Flight - 2/26/05 - Olympic Beaches.

This is my first actual trip in my new (half share) Maule M7. This is also the first time I'm brining passengers and subjecting them to my sometimes bouncy landings. Worse, my friends Marie Hong and Shannon Marie are not pilots and may be somewhat nervous about flying in a small airplane.

The morning is foggy but forecast to clear. We meet at noon in foggy Ballard but when we arrive at Paine Field it is perfectly clear. We are flying the Olympic loop counter clockwise. From Paine field we fly west along the north coast of the Olympic peninsula to Tatoosh island, the north west most point of the continental US. I've done this loop twice before but felt I had the time to go all the way out to this corner. This time I do. From there we head south. The northern portion of this coast is the more remote and beautiful. There are numerous rocky islands off the coast. The sea is calm and we can see through to rocks and some kelp.

Tatoosh Island

The many islands along the north coast.

We land at Quillayute (UIL), which is an interesting airport. It's large and feels abandoned. There is grass growing through the cracks in the concrete taxi way. The hangers are large, dilapidated wood buildings with old, abandoned machinery. But there is a porta potty and a picnic bench. It makes for an interesting stop.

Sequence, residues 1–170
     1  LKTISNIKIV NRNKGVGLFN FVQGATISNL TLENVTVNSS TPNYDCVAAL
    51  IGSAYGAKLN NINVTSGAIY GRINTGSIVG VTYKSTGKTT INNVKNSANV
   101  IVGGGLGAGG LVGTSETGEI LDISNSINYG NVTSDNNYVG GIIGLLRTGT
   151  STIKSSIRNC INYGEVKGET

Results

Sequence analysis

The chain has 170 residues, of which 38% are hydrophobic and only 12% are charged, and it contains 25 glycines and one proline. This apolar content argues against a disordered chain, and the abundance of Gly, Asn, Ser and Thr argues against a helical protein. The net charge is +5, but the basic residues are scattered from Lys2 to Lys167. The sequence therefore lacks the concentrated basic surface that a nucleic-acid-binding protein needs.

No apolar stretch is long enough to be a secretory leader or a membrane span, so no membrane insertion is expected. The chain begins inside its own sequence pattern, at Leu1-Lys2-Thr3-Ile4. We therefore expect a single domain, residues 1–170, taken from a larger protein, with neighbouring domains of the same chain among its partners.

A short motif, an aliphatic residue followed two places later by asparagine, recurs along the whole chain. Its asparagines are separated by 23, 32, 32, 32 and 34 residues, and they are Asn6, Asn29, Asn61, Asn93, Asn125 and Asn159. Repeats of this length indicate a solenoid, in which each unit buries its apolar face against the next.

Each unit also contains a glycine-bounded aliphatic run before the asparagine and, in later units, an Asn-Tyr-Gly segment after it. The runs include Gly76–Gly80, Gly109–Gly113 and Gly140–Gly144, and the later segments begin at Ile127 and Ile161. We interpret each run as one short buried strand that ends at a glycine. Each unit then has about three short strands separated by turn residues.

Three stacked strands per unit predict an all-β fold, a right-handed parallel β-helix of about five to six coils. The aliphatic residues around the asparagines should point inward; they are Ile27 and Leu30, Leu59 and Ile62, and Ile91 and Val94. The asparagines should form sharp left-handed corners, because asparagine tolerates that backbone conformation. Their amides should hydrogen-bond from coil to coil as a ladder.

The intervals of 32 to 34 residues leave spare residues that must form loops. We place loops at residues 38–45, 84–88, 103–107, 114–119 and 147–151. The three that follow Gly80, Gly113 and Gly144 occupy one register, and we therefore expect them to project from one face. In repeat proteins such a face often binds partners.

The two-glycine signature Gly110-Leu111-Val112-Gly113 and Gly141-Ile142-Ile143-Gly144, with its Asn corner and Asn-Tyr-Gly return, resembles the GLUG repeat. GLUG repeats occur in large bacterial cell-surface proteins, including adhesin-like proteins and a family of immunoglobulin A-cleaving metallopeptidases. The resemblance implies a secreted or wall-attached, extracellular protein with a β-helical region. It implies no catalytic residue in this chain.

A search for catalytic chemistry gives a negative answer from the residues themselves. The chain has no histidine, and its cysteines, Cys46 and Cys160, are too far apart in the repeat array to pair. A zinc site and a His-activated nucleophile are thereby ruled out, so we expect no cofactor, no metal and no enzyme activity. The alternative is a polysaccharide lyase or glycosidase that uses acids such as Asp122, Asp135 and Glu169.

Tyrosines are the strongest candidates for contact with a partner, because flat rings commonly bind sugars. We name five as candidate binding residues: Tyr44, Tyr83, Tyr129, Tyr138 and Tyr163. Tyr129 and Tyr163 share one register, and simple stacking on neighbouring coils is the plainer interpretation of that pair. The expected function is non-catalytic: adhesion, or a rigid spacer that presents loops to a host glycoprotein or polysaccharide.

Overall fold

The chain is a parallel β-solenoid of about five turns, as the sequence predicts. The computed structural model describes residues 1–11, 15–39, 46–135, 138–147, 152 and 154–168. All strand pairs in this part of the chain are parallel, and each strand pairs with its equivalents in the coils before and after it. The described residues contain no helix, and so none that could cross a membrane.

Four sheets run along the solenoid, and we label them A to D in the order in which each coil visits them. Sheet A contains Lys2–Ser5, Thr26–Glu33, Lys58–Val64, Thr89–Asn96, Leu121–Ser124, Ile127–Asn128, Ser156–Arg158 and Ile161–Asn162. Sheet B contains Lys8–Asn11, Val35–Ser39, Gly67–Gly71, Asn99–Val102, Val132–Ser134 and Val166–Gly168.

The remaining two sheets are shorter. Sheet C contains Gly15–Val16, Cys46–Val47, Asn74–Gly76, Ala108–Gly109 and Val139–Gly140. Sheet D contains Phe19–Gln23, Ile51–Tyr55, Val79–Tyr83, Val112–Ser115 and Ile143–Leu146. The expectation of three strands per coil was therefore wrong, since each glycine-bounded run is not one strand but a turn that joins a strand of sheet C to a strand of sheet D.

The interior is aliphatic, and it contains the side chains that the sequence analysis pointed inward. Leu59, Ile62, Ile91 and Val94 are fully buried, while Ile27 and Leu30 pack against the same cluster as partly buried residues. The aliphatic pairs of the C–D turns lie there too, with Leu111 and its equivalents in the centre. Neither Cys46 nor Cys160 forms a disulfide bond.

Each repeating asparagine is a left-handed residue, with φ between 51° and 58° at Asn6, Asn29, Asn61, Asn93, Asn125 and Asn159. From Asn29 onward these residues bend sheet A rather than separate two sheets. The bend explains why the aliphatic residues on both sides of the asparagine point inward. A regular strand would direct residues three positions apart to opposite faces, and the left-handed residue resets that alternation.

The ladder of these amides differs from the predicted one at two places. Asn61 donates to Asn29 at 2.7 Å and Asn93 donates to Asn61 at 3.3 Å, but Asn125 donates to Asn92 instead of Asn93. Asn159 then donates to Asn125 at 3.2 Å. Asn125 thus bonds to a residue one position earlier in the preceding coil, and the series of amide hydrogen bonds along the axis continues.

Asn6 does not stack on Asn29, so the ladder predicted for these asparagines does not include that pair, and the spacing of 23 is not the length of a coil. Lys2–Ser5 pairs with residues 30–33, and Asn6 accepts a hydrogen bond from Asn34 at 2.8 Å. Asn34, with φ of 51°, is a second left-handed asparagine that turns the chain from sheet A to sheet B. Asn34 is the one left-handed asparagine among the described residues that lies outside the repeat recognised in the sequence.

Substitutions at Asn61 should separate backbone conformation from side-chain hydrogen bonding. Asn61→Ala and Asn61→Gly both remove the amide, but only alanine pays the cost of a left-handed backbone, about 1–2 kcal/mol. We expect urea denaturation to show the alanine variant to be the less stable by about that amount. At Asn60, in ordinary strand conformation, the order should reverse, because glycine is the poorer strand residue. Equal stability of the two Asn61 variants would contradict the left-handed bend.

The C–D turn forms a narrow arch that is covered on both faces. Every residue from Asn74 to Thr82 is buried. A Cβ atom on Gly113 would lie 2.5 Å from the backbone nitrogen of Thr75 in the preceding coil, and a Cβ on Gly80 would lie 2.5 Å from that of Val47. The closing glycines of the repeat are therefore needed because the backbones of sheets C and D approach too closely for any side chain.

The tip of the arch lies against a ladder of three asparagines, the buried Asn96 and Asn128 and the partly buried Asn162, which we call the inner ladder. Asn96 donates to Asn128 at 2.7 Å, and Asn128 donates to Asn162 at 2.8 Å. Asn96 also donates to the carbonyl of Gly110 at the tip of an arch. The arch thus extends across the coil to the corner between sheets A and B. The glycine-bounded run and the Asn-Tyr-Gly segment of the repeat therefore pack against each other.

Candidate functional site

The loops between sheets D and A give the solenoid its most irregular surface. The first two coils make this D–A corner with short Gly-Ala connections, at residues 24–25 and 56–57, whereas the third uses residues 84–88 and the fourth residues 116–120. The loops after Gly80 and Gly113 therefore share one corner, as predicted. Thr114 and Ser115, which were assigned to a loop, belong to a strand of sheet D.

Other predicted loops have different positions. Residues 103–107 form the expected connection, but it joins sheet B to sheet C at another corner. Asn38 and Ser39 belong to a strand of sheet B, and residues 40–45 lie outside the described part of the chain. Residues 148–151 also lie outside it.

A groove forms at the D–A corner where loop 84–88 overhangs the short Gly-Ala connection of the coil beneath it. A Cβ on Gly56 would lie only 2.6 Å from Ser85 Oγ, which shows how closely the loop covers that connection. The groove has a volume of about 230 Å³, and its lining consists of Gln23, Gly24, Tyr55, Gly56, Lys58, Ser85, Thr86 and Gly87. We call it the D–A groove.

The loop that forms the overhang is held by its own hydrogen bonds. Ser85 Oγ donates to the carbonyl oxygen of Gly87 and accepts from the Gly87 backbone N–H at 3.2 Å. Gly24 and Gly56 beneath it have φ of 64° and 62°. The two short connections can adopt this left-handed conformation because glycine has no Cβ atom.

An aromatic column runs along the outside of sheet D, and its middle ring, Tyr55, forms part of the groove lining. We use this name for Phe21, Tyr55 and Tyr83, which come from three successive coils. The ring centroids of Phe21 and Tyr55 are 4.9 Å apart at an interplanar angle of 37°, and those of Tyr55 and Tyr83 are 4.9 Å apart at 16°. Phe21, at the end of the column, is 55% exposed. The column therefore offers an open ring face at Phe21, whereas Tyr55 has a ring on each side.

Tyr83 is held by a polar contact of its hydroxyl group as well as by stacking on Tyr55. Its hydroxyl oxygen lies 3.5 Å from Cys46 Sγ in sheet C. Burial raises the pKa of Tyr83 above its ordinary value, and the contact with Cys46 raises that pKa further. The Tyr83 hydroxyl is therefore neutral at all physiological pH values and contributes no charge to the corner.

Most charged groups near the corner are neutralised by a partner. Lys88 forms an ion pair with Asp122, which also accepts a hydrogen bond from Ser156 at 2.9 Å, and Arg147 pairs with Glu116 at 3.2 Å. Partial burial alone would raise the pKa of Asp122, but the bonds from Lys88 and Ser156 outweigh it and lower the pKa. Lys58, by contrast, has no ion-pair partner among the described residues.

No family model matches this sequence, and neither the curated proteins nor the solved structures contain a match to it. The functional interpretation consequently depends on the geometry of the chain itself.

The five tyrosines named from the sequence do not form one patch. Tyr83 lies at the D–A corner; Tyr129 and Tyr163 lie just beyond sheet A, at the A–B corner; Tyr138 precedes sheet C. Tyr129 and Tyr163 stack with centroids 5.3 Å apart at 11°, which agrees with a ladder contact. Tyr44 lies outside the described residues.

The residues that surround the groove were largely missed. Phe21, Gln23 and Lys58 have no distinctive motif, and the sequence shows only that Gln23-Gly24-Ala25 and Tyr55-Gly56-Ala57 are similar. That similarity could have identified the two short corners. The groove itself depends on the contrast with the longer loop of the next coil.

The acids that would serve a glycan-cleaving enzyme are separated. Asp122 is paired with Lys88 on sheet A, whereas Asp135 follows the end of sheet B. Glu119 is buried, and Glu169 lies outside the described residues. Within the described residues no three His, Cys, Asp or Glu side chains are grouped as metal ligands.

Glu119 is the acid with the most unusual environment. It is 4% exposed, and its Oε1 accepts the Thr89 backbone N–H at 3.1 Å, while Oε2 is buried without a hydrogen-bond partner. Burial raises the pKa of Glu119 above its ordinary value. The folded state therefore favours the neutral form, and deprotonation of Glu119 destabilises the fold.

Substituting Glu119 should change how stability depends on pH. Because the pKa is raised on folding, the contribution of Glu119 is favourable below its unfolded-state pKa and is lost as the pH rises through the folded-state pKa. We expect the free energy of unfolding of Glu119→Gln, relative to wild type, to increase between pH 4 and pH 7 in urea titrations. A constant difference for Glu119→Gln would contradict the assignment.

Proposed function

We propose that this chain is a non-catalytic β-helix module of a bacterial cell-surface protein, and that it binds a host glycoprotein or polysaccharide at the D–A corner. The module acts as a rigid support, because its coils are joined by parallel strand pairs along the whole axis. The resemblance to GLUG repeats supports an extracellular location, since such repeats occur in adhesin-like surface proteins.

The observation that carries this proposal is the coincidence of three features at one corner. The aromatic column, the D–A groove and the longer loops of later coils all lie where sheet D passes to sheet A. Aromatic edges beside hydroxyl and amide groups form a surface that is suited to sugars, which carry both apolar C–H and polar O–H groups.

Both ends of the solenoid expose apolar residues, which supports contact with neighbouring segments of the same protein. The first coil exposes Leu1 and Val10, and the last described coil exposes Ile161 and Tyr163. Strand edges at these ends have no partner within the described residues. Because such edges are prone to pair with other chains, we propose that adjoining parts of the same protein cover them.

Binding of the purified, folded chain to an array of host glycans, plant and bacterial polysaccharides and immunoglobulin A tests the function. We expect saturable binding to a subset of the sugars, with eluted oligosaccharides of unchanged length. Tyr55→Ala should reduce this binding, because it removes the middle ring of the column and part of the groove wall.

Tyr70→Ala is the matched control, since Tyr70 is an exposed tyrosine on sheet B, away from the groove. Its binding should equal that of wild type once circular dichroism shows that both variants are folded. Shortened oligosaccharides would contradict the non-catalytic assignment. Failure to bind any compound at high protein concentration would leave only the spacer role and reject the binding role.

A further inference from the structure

On of the large rivers flowing out of the Olympic Mountains.

At the south end of the peninsula is Copalis State (S16), the only beach designated as a public landing strip in the US. Landing here is the highlight of a trip for me. I love landing at this relatively remote place and I love that I am just on the beach.

I also like walking my landing tracks to see what they say about my landing. This landing feels like a smooth 3 point touchdown. When I get back to the start I see exactly that: 3 point touch down followed by small hops as the plane slowly stops flying.

Touch down track with the plane in the distance.

Me and my new airplane.

Marie Hong on the beach.

From the beach we hop over to Shelton for fuel then back to Paine Field in the evening light. Everything went well and all landings were gentile.

The next day I had plans to take Marie and her father Howard down to Tillamook to see the air museum. Unfortunately morning fog prevented a timely departure and we scaled back to a trip to the San Juans.

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